I think great question. Good to hear from you, Joe. I think they the acquisition absolutely is tracking to a number that is better than 25% from the base that was there and 25% incremental new business for the total company through that organization. The difficult part of separating out the exact performance of the business is, in addition to that performance, we’ve made some strategic decisions to purposely cannibalize some of our own business with brands to consolidate the performance of those brands, the marketing dollars invested. And by doing that, the integration is quickly integrated and caused the numbers to blur to where it’s difficult to say what was which part, and so we’re only reporting what the total growth rate was on the business. So we’re not separating out just the individual Perrigo business, but we can tell you with confidence that we are on track to see the 25% increase.

One of the headlines I would share with you is in the month of April. We had the highest month of shipments of product out of that plant since a month that happened in April of 2017. And so it’s after that many years, we’ve had a record shipment month, and we’re on track to have a similar month in the month of May. So very exciting times with the Perrigo acquisition, how it’s performing.

Joe Altobello — Raymond James — Analyst

That’s helpful, Cord. And then maybe secondly, a quick question for John on the balance sheet, in particular, accounts receivable. I guess the fact that, seasonally, this is the time when receivables are going to tick up a little bit, but it looks like it doubled year-over-year. And I’m curious how much of that was due to the surge late in the quarter, and how much of that was due to the channel shift that you guys are seeing toward e-commerce.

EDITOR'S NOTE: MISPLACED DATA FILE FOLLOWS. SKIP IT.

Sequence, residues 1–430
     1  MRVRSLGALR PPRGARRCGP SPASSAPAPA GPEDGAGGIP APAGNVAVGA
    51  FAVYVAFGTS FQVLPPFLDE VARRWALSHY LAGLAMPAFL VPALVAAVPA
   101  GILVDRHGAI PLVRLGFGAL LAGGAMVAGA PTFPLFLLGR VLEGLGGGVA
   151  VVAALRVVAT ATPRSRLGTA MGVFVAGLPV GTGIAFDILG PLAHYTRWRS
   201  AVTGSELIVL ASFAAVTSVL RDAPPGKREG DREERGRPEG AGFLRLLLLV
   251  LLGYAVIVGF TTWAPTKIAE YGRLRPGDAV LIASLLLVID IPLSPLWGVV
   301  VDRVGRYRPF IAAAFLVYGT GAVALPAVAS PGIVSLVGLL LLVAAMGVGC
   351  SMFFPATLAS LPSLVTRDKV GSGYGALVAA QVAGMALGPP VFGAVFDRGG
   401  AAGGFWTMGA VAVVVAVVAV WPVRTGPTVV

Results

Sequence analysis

John Newland — Chief Financial Officer & Corporate Secretary

Yes. Joe, that’s a great question. I would tell you that the cadence of the sales, as they occur in the first quarter, is it starts out pretty slow. And then in the months of January and February, it grows, and virtually almost 50% of our sales for the quarter occurred in the month of March. So based off of that and the days of receivables outstanding, it has a compounding effect on your overall receivables and growth grows the balance as a result of the cadence of sales more than anything else regardless of customer concentrations or whatever.

Joe Altobello — Raymond James — Analyst

Okay. So was it driven by channel shift at all?

John Newland — Chief Financial Officer & Corporate Secretary

No.

Joe Altobello — Raymond James — Analyst

All right, thank you guys.

Operator

The next question comes from Jon Andersen of William Blair. Please go ahead.

Jon Andersen — William Blair — Analyst

Good afternoon, everybody.

McCord Christensen — Chief Executive Officer and Chairman of the Board

Good afternoon. John.

Jon Andersen — William Blair — Analyst